The Jacobites

The Course

The Jacobites
Online Course: 2-4+ hours/ week over 6 weeks
Dates: Saturday 11th November - Saturday 16th December 2017

The Jacobites course looks at the events of the Jacobite period and also the lives of those involved. The topic immediately brings to mind events such as the Glencoe Massacre, the Act of Union and ‘the Forty Five’, but the wider history is less well-known and often much debated.

The course takes a step-by-step approach to navigating the history and using evidence to arrive at your own understanding of the Jacobites as a whole. As a guide my role is to provide evidence, media and discussion - not to draw and pass on my conclusions.

Over six weeks the course involves:

- Untangling the Jacobites’ story from start to finish over almost 200 years.
- Evaluating original sources and drawing your own conclusions.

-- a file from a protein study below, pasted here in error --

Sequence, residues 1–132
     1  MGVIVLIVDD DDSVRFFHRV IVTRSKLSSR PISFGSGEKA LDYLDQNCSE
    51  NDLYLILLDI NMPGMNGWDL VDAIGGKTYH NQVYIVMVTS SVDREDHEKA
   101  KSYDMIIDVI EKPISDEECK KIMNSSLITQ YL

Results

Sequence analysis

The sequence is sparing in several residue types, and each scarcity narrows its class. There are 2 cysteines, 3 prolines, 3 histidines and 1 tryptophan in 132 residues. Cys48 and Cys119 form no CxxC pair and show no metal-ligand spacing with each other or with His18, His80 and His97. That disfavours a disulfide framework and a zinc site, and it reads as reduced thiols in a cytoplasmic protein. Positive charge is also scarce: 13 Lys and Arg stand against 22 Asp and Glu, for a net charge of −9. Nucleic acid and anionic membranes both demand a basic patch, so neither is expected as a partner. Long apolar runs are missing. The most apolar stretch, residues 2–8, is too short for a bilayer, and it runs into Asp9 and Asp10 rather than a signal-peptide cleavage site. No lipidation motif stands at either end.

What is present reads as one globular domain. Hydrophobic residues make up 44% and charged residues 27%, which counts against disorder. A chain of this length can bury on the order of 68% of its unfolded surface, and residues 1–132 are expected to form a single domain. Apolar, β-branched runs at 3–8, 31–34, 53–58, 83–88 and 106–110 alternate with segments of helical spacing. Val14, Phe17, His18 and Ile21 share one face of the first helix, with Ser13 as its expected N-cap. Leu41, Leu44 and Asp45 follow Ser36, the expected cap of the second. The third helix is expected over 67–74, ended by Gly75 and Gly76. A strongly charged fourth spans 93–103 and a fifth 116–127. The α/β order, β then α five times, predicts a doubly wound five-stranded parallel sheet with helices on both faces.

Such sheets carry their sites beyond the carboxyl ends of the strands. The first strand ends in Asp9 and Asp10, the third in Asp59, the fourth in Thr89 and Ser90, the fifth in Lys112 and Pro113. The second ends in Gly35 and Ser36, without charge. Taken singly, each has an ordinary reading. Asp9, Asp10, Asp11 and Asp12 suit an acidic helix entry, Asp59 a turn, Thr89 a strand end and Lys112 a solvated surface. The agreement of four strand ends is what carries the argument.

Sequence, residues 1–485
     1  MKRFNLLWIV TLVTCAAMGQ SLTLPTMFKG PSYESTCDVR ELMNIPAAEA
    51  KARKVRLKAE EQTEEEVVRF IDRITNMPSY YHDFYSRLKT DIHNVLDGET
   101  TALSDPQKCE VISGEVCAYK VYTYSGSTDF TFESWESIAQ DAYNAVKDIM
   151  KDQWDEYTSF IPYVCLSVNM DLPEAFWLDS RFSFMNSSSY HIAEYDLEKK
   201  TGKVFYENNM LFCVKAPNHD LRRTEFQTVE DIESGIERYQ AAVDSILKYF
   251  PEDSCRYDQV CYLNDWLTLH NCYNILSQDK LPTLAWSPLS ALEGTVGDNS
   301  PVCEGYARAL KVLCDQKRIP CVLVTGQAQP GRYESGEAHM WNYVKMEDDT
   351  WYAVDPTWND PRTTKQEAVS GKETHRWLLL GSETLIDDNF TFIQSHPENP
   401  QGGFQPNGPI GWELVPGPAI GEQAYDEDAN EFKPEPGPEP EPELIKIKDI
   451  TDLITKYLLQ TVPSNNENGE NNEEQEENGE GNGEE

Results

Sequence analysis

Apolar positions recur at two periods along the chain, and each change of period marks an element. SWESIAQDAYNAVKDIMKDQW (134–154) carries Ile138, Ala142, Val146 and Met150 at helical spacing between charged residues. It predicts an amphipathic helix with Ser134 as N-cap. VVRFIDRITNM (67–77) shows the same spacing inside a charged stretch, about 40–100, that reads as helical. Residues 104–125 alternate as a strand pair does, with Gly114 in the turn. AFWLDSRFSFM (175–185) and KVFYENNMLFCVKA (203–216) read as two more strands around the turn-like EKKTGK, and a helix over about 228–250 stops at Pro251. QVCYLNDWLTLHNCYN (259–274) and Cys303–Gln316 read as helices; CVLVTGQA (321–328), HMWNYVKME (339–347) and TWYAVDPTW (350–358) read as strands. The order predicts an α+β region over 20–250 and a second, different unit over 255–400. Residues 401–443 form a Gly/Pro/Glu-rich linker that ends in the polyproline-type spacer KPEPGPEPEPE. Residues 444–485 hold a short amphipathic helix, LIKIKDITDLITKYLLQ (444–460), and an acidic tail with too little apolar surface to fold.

- Tracking and exploring your understanding of major themes and events.

The course involves:

- A weekly Jacobite’s Journal with timelines, sources and quizzes.
- A Facebook discussion group with daily posts of articles and images.
- A guided discussion each weekend.

Guide: David Morrison MA (Hons), BSc (Psych) Open (Hons), Dip Lib, MCLIP, MBPsS, FHEA.
Full contact details:
Cost: £18.50/ $25 for the full course.

Introduction to the Jacobite Period

The Jacobite period is often shown to us through portraits of commanders and paintings of warring infantrymen. However, the Jacobites, and the conflicts they became part of, involved warfare across the British Isles and impacted on the lives of far more women, men and children than leaders or soldiers.

The Combatants

In 1852-3, over a century after Prince Charles Edward Stuart, the Young Pretender, (1720-1788), sailed away from Scotland, Pre-Raphelite painter John Millais painted an image called The Order of Release 1746, which seems to combine a personal statement on rebellion alongside a remarkably representative image showing some of those most affected by the Jacobite period.